sugg-estion of the authorities of the Dutch church.

"De Vrede Christi. (The Peace of Christ to You.)
"Reverend Sir. Well beloved brother in Christ. Kind friend.

"The favorable o])portnnity, which now presents itself of
writing to your Reverence, I cannot let pass without embracing
it, according to my i^romise. And I first unburden myself in
this conmumication of a sorrowful circumstance. It pleased the
Lord, seven weeks after we ar)'ived in this country to take from
me ray good partner, who was to me for more than sixteen years,
a virtuous, faithful and altogether amiable yoke felloAv; and I
now find myself with three children, very much discommoded,
without her society and assistance. P)ut what have T to say?
The Lord Himself has done this against whom no one can op-
pose liimself. And why should I wish to, knowing that all things
must work together for good to them that love God. I hope
therefore to 1)ear my cross ])atiently and by the grace and liel])


of the Lord, not to let tlie courage fail me ^Ylliell in my duties
here I so especially need.

"The voyage was long, namely from the l:l4tli of January
till the 7th of April, when we first set foot upon land. Of storm
and tempest which fell hard upon the good wife and children,
though tliey bore it better as regards sea sickness and fear than
I had expected; we had no lack, particularly in the vicinity of
the Bermudas, and the rough coasts of this country. Uur fare
in the ship was very poor and scanty, so that my blessed wife
and childreu, not eating with us in the cabin, on account of the
little rooms in it, had a worse lot than the sailors themselves;
and that by reason of a wicked cook, who annoyed them in every
way: but especially l)y reason of the captain himself, who al-
though I frequently ('om])lained of it in the most courteous man-
ner, did not concern himself in the least about correcting the
rascal; nor did he even when they were all sick, give them any-
thing which could do them any good, although there was enough
in the ship; as he himself knew very well where to find it in
order out of meal times, to fill his own stomach. All the relief
which he gave us, consisted merely in liberal promises, with a
drunken head, upon which nothing followed when he was sober,
but a sour face, and he raved at the officers and kept himself
constantly to the wine, both at sea and especially here while
lying in the [Hudson] river; so that he navigated the ship daily
with a wet sail and an em])ty head, seldom coming ashore to the
Council and never to Divine service. We bore all with silence
on board the ship, but it grieves me, when I think of it, on ac-
count of my wife, the more because she was in such a i)hysical
state as she was; believing herself to be in a delicate condition,
and the time so short which she had yet to live. On my first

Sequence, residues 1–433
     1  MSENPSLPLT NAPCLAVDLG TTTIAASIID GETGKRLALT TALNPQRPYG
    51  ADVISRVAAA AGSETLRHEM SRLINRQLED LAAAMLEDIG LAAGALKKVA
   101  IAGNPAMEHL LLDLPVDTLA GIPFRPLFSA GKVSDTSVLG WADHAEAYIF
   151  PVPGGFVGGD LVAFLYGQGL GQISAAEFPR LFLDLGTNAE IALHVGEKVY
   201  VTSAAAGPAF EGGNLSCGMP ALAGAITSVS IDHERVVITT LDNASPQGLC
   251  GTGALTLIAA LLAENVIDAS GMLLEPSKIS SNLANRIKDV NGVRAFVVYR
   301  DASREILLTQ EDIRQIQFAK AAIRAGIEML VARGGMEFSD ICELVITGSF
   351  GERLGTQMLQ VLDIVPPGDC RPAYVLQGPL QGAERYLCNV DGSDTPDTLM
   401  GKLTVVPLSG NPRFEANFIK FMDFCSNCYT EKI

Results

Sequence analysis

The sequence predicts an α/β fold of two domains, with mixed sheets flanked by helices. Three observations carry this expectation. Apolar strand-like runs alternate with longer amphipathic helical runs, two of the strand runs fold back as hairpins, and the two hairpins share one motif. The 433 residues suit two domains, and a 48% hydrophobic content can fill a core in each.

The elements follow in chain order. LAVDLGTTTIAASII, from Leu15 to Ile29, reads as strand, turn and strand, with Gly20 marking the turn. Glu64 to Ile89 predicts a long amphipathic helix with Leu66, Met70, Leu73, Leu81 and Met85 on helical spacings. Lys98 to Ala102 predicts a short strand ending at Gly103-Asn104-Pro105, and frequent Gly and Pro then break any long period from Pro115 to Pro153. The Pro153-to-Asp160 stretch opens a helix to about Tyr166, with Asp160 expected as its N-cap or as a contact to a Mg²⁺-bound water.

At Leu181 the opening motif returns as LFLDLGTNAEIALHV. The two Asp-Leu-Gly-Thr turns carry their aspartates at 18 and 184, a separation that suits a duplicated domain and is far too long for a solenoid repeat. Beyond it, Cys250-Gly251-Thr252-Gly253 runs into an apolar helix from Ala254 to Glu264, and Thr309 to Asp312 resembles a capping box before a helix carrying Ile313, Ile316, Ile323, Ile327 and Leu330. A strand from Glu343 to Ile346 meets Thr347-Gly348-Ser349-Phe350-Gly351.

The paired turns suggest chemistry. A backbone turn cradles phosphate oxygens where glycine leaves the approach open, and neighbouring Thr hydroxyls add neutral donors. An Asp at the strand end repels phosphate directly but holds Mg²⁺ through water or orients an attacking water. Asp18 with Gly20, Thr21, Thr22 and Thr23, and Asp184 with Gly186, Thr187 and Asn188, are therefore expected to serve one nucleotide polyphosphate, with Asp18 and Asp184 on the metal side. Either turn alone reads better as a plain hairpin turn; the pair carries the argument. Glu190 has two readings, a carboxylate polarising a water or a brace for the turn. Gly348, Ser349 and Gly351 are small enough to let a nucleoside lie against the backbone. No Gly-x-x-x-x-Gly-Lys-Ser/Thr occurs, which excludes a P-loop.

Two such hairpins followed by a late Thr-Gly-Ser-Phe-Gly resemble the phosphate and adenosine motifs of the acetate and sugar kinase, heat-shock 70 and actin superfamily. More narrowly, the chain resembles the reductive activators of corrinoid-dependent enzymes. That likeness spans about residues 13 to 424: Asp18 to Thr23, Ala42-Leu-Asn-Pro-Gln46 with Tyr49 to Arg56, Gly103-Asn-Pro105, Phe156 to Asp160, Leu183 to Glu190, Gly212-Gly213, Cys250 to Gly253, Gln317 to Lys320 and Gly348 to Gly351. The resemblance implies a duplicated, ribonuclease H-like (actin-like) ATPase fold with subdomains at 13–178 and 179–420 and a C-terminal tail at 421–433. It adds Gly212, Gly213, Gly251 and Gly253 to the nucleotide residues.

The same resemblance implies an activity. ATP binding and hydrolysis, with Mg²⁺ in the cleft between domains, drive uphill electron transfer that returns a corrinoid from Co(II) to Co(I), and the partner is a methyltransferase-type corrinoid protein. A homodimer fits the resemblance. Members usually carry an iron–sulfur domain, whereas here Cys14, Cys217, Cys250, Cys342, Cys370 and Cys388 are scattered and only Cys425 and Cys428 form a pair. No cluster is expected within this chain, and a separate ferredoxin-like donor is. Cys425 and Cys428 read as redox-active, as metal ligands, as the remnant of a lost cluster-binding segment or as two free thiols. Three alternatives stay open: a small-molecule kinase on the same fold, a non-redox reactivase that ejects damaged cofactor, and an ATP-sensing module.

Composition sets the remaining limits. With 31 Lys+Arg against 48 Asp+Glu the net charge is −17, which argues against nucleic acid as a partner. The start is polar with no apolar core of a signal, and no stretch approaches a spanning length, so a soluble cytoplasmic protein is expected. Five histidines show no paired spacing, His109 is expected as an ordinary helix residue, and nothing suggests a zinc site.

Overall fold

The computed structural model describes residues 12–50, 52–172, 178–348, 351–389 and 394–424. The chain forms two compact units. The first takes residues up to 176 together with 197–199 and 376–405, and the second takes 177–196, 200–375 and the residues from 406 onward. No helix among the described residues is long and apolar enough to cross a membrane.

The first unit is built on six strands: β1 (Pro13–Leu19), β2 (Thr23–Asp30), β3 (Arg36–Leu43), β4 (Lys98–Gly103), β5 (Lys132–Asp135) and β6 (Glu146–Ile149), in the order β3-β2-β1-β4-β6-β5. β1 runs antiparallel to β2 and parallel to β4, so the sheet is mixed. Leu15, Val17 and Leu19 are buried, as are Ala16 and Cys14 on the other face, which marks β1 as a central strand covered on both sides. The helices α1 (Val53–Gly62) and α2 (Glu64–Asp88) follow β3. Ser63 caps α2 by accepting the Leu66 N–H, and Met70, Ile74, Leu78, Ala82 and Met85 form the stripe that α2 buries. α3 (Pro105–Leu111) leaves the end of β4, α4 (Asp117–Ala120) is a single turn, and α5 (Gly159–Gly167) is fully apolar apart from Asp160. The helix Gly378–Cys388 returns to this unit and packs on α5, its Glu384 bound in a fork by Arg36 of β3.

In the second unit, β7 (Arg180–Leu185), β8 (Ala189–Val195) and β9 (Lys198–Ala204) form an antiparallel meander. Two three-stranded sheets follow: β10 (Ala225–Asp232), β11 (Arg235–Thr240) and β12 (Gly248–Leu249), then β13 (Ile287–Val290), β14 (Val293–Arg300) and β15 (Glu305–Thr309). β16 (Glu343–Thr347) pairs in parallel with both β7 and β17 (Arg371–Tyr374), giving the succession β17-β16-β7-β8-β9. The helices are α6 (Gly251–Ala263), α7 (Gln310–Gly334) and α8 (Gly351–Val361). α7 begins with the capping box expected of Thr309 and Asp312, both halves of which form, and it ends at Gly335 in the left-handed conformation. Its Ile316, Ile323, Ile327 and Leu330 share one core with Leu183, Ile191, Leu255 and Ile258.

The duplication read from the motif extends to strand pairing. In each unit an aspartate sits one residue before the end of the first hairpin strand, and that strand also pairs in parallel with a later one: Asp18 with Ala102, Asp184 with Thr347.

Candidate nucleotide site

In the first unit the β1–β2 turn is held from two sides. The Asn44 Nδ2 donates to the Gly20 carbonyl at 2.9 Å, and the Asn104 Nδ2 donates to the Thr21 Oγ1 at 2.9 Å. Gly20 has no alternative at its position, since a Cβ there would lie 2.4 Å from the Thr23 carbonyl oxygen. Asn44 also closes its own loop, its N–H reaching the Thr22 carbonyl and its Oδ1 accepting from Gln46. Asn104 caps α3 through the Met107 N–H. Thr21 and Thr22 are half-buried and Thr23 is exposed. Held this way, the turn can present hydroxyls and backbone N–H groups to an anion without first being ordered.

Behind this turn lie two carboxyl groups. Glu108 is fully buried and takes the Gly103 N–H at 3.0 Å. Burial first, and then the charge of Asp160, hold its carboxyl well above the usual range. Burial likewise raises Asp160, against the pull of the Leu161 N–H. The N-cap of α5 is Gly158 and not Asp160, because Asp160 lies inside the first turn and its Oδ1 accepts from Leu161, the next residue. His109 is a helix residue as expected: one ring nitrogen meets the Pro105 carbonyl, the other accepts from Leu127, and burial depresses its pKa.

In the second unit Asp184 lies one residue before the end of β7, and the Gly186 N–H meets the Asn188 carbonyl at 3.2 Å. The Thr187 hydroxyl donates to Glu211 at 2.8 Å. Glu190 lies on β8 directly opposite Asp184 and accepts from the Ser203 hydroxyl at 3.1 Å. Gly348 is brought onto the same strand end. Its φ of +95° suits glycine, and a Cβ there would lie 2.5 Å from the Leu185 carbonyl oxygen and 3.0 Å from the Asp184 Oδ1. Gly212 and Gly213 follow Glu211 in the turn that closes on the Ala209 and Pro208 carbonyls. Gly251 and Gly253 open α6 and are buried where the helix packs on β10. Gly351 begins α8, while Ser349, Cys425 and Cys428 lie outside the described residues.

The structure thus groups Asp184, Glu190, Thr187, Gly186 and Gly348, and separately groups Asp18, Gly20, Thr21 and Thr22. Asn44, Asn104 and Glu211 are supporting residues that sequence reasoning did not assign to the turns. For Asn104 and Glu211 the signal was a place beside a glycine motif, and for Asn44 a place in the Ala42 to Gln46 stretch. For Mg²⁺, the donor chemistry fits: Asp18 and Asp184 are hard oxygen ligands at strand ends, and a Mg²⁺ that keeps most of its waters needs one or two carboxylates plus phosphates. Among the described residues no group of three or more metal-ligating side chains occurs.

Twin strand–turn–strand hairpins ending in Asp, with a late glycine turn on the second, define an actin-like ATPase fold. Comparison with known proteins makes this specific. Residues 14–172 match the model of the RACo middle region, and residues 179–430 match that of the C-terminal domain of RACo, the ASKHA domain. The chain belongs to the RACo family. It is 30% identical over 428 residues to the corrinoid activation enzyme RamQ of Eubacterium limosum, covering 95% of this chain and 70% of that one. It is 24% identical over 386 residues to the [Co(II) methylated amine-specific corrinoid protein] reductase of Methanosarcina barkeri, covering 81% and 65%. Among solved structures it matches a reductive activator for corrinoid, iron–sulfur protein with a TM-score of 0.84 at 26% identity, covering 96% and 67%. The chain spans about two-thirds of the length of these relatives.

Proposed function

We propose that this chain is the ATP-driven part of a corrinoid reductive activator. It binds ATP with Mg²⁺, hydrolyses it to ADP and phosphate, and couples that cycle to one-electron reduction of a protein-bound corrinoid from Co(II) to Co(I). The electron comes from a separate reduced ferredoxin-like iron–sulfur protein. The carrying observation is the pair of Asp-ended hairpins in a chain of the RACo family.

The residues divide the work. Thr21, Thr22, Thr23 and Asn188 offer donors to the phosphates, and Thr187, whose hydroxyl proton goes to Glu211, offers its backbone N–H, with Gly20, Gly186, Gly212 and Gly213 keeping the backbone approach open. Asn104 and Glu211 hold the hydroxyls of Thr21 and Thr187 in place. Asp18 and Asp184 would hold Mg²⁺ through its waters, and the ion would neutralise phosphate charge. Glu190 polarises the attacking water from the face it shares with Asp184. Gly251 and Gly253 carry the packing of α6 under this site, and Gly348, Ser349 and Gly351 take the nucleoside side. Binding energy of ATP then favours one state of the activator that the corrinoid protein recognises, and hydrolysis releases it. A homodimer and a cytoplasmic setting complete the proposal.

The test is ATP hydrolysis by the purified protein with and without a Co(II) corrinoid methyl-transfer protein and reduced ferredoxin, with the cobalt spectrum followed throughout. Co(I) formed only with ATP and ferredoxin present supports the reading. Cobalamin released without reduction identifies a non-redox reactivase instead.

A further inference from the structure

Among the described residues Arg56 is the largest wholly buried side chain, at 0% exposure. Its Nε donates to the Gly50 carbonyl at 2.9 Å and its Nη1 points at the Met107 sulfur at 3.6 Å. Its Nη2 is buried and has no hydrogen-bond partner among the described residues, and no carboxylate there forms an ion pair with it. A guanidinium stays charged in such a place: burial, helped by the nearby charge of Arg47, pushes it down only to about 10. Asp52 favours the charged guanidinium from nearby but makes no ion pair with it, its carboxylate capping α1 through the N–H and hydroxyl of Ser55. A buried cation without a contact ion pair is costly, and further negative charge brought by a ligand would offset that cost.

voyage I roamed about with him a great deal, even lodged in the
same hut. but never knew that he was such a brute and drunk-
ard. But he was then under the direction of Mi-. Lam, and now
he had the chief connnand himself. I have also written to Mr.
Godyn about it, considering it necessary that it should be known.

"Our coming here was agreeable to all, and I hope, by the
gi'ace of the Lonl. that my service will not be unfruitful. The
peojile, for the most jiart, are rather rough and unrestrained,
but 1 find in most all of them both love and respect towards me;
two things with which hitherto the Lord has ever^nvhere gi'ac-
iously blessed niv labors, and wliicli in our calling, as your
Eevereuce well knows and finds, are especially desirable in order
to make [our ministry] fruitful.


"From the begiiniing we established a form of a church
and as Brother Bastian Crol very seldom comes down from
Fort Orange, because the directorship of that fort and the trade
there is committed to him, it has been thought best to choose
two elders for my assistance and for the projier consideration
of all such ecclesiastical matters as might occur, intending the
coming year, if the Lord permits, to let one of them retire and to
choose another in his i)lace from a double number tii'st lawfully
proposed to the (Congregation. One of these whom we have
now chosen is the Honorable Director himself, and the other is
the store keeiier of the Oompany, Jan Huyghen, his brother in
law, ])ersons of very good character, as far as I have been able
to learn, having both been foi'merly in office in the church, one
as deacon, and the other as elder in the Dutch and French
churches respectively at Wesel.

"At the first administration of the Lords Supper which
was ol)served, not without great joy and comfort to many, we
had fully fifty connuunicants. Walloons and Dutch, of whom a
portion made their first confession of faith before us, and others
exhibited their church certificates. Others had forgotten to